Before the early 1980s, much of the scholarly literature on state constitutions took the form of encyclopedic accounts of state constitutional revisions, presentations of model constitutions, treatises on state constitutional history, and histories and reference guides of the constitutions of single states. Since the early 1980s, the literature has expanded to include articles on state courts' uses of state constitutional interpretation as part of the new judicial federalism; articles and a few books on state and regional histories of state constitution making (especially in the South and the West); books on the national history of state constitutions in particular periods (including the early republic); articles and a few books on specific subjects (especially as concerns the protection of individual rights); and the proliferation of single state reference guides in the Greenwood Press series.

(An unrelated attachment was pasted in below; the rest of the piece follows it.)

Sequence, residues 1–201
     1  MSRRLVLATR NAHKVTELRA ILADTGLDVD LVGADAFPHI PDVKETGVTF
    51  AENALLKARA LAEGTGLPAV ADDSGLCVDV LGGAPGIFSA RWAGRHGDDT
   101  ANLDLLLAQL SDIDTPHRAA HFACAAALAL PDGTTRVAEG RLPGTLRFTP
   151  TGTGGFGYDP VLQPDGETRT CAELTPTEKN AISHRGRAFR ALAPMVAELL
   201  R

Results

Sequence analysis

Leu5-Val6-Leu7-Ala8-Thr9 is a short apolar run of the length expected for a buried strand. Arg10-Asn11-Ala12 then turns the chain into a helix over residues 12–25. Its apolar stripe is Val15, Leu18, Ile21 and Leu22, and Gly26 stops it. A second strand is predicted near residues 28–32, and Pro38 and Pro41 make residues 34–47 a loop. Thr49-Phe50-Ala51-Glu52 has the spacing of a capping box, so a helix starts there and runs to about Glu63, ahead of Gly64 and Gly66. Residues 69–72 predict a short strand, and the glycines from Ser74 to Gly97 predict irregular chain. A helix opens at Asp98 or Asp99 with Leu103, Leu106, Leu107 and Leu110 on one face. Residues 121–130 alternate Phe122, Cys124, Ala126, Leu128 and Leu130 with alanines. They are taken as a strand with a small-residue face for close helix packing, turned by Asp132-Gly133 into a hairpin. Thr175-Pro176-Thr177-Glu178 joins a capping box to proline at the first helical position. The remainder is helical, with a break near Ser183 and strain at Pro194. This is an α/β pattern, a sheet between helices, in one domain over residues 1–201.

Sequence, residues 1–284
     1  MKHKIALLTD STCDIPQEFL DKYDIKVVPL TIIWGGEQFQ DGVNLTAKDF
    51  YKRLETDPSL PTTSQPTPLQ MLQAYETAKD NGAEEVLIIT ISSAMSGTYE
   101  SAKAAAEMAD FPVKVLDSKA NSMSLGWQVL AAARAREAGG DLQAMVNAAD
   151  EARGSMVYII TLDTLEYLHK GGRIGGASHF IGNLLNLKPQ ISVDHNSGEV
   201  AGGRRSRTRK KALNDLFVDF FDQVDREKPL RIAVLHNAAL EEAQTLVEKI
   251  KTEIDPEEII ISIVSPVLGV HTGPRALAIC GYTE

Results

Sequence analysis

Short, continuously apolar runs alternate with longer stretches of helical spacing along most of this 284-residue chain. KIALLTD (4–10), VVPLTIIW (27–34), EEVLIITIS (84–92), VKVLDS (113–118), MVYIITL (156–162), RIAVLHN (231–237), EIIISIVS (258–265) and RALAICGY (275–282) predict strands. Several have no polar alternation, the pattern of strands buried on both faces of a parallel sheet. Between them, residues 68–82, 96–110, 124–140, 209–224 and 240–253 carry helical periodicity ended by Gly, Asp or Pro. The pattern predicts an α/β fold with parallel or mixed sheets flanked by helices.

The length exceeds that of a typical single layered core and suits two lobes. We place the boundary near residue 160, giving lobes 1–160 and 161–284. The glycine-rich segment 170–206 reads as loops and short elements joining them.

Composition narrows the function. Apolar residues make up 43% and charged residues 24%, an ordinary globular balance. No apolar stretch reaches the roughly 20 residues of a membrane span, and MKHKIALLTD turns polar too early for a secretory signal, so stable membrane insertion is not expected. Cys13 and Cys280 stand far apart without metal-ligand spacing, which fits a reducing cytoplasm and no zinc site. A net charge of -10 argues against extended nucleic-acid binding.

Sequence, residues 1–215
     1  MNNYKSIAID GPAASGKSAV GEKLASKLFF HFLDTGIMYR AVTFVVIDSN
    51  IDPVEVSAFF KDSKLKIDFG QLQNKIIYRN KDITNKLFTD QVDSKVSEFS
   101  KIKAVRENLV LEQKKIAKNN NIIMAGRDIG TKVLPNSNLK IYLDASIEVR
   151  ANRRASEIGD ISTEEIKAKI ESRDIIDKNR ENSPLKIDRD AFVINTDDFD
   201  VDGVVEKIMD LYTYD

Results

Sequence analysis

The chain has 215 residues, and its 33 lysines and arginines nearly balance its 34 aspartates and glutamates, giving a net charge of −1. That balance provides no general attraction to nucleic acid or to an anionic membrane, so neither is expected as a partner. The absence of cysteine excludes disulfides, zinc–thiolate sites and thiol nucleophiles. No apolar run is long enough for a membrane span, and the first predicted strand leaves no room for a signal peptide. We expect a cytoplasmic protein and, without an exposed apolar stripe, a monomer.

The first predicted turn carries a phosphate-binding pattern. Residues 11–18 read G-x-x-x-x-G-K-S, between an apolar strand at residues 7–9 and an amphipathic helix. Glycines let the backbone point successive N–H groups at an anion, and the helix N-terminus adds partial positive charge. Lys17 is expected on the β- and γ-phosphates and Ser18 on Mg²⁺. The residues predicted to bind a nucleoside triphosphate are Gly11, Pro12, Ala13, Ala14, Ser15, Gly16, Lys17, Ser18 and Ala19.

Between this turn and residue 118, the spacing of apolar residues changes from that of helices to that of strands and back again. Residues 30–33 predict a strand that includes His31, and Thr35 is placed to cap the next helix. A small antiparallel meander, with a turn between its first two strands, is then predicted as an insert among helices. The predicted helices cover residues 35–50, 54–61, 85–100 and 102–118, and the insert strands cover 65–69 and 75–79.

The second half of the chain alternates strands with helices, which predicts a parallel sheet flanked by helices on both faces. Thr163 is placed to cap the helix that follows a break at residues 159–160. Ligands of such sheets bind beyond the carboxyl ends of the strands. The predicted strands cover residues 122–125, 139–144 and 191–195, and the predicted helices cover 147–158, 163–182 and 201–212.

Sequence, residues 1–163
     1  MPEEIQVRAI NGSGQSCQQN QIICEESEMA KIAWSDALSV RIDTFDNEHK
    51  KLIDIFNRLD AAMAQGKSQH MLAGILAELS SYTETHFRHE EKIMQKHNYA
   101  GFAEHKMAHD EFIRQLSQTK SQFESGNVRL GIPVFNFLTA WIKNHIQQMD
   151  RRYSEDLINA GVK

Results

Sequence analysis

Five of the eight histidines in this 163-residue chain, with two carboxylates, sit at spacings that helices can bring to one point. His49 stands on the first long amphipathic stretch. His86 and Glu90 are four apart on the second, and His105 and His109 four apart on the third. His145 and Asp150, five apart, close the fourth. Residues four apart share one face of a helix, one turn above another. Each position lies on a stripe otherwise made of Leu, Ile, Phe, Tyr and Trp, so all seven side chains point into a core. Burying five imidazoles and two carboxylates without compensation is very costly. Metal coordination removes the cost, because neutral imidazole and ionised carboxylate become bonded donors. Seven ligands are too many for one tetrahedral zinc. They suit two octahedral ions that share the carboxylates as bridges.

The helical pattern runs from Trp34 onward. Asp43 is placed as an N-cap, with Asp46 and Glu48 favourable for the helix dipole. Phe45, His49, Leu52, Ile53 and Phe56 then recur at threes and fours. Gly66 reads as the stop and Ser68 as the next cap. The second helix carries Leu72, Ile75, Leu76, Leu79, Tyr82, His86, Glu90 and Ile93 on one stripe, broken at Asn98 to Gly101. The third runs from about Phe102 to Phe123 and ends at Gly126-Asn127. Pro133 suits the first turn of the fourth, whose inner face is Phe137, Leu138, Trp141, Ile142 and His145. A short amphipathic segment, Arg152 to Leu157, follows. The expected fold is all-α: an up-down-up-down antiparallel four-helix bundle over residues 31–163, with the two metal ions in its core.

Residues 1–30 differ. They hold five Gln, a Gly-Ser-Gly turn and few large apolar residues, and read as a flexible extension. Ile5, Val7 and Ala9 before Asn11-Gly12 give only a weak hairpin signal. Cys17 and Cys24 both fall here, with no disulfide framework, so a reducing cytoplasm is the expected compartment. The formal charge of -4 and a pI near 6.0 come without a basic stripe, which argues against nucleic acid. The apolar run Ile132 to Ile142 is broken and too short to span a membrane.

Tarr's book then fills a unique yet important position at the threshold of this field. Happily, it is written with this position and its likely readers clearly in mind. Although it is an introduction to the field, it is written for the scholar, graduate student, or jurist likely to read it. It is certainly not written in the style of a textbook or reference work. Rather, it reads like a thoughtful collection of interpretive essays in theory and history. The author is indeed a political scientist, but we are a more varied lot than one might expect. Tarr is also schooled in the law and most appreciative of the historian's craft.